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  1. #1
    Join Date
    Nov 2006
    Posts
    28

    Default Rear main engine seal replacement

    Hello,
    Finally decided to address the drip drip coming from the real main engine seal. I needed to replace the clutch and figured if I was going that far, what else (or trouble) could I get into.

    Anyway, I have a 109 ex-mod rhd (1974?). The trans came out easily - dropped the cross member and lowered the trans and transfer case with a jack. (Replaced trans and transfer seals.) The clutch assembly, flywheel, inner bell housing and oil pan removed with little effort.

    Now stuck. I am having a problem removing the rear lower main bearing end cap. I believe you are supposed to use a 'soft' drift to punch it out, or in this case, down. I am not having any success. Reluctant to get out a bigger hammer or 'harder drift'.

    I am open to any alternate methods that you have used and found to be effective. Need to get this taken care of, getting cold up here in Maine.

    Thanks

    Bob

  2. #2
    Join Date
    Nov 2006
    Location
    Redding, CT
    Posts
    1,502

    Default

    Bob,
    You might be fighting against the seals that are already in place. They should be squeezing the cap in place and since it doesn't really move in any direction than down, it's jamming up your progress. you might also have wedged it by hitting one side down but not the other as much. Hard to tell...

    Keep using a soft drift. Oak, brass whatever you have. Make sure you are drifting it equally on both sides and when possible, just try to grab it with a set of large pliers and give it a wiggle.

    A word of caution. Getting the new seals in place without ruining them can be a pain without the right tool. I forgot what it is called. I ended up using a little aluminum can to slide the cap back on but it did not go as smoothly as I hoped. I think I needed to use up two sets of gaskets to get it right and I was working with the engine off the truck. YMMV.


  3. #3
    Join Date
    Apr 2008
    Location
    The Granite State (NH)
    Posts
    2,982

    Default

    I tried to use the thin aluminum can trick and ended up trashing the t-seals. It's amazing how thick the can can be compared to the gaps on the sides of this bearing cap!

    In the end, I ended up sawing an inch off the end of my wife's plastic cutting board and making 2 little HDPE guides out of the piece, just like the real guides. This worked quite nicely and my wife never really noticed that the cutting board was slightly shorter...



    Of course none of this will help you get the bearing cap OFF, but I figure you'll need to get it back on eventually...
    --Mark

    1973 SIII 109 RHD 2.5NA Diesel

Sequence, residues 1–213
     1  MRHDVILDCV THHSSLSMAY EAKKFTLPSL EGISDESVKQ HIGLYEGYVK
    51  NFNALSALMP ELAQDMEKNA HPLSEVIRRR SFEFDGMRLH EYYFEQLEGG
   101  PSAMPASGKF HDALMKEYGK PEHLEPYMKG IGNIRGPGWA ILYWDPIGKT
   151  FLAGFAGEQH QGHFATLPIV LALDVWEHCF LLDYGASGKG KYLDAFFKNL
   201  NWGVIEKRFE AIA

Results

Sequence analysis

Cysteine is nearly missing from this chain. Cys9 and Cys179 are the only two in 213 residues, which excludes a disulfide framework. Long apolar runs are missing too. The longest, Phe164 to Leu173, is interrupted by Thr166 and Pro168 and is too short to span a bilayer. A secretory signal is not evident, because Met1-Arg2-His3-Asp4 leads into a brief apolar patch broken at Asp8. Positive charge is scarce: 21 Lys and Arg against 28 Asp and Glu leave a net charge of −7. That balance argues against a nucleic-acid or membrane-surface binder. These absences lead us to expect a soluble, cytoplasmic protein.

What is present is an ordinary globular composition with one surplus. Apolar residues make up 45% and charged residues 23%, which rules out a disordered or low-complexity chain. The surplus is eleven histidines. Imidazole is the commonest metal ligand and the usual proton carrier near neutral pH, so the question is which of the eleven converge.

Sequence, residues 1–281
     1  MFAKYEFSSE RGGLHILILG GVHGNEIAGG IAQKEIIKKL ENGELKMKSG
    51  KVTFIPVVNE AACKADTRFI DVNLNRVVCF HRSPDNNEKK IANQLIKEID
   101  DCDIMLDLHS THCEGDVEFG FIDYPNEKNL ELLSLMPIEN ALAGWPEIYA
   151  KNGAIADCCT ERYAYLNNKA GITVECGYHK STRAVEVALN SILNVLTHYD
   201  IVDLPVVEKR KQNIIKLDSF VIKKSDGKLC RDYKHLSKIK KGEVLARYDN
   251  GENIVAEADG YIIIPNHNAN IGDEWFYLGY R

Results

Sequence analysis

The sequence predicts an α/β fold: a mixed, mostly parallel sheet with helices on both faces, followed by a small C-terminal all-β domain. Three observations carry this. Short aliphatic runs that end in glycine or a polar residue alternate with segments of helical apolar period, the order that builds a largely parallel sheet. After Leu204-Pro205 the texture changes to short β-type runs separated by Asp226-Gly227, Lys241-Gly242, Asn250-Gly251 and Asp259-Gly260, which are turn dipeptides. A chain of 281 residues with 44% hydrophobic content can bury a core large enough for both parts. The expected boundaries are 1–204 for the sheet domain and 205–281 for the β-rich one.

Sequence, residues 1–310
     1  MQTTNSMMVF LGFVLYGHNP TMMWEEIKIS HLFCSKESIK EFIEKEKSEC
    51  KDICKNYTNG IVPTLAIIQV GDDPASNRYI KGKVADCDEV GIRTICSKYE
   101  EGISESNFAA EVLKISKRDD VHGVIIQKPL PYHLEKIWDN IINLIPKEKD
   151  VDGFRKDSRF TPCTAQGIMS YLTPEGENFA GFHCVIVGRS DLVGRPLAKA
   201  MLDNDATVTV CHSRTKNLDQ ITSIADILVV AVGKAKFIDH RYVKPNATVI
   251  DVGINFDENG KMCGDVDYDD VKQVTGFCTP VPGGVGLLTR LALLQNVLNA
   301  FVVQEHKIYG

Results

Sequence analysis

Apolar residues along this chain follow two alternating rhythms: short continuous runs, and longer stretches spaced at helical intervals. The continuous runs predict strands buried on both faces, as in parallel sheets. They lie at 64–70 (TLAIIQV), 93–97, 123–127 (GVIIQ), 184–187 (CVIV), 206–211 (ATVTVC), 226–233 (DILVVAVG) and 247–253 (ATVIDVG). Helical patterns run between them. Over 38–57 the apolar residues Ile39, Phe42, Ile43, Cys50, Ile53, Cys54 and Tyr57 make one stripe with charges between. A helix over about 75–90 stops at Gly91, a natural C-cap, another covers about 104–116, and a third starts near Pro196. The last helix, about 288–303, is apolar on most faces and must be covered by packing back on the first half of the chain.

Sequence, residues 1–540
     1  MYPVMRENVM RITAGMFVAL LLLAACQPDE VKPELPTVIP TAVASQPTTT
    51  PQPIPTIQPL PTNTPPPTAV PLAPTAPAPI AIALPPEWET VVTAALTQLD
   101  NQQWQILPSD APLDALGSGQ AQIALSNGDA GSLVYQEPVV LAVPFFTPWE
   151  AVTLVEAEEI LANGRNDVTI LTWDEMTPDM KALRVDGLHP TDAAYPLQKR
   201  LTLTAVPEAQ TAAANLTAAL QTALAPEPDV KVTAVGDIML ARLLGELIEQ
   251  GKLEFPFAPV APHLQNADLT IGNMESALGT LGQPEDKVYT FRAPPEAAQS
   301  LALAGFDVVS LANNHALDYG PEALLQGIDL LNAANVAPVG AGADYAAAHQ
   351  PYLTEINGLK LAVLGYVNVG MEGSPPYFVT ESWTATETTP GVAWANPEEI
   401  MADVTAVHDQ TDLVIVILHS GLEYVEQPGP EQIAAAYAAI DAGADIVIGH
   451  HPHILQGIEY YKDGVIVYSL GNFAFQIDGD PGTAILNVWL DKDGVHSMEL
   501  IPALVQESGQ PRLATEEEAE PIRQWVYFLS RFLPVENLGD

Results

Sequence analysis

0-54mph in just under 11.5 minutes
    (9.7 minutes now that she's a 3-door).

  4. #4
    Join Date
    Apr 2010
    Location
    Shoreline, WA
    Posts
    409

    Default

    What I do to remove the rear bearing cap is after removing the 2 bolts, I put them back in the holes in the cap (not threading them in) and then squeezing the bolts together with my hand it gives me a handle to wiggle the cap back and forth while pulling down. Works for me.
    Gale Breitkreutz
    '03 Disco
    '74 Series III 88 (sold, 4/13)
    '47 CJ2A

  5. #5
    Join Date
    Nov 2006
    Location
    Redding, CT
    Posts
    1,502

    Default

    Great suggestions Mark and Gale. I'm adding them to my notebook now.

  6. #6
    Join Date
    Apr 2008
    Location
    The Granite State (NH)
    Posts
    2,982

    Default Since we're in the area...

    ...here's a link to the write-up on a work-around for the rear main seal guide special tool. I'm not sure if the 2.25 has the same kind of rear main seal as the 2.5, but I had to find a way of expanding the oil seal around the rear crankshaft flange without the rare special tool in order to install the flywheel housing on my 2.5:

    Check out: http://gunsandrovers.yuku.com/topic/6115
    --Mark

    1973 SIII 109 RHD 2.5NA Diesel

    0-54mph in just under 11.5 minutes
    (9.7 minutes now that she's a 3-door).

  7. #7
    Join Date
    Nov 2006
    Location
    Redding, CT
    Posts
    1,502

    Default

    Quote Originally Posted by SafeAirOne View Post
    ...here's a link to the write-up on a work-around for the rear main seal guide special tool. I'm not sure if the 2.25 has the same kind of rear main seal as the 2.5, but I had to find a way of expanding the oil seal around the rear crankshaft flange without the rare special tool in order to install the flywheel housing on my 2.5:

    Check out: http://gunsandrovers.yuku.com/topic/6115
    I can't drink that much coke zero. Either way, make sure this one makes it to the new forum.

  8. #8
    Join Date
    Nov 2006
    Posts
    28

    Default

    Thank you for your comments.

    Removed the bearing cap with a little more directed force. Bigger hammer!

    Replaced the t-shaped gaskets using a couple of feeler gauges to slide in the cap. Slid right into place after selecting the correct size.

    Maybe have it back together before the first snow!!!

    Bob

 

 

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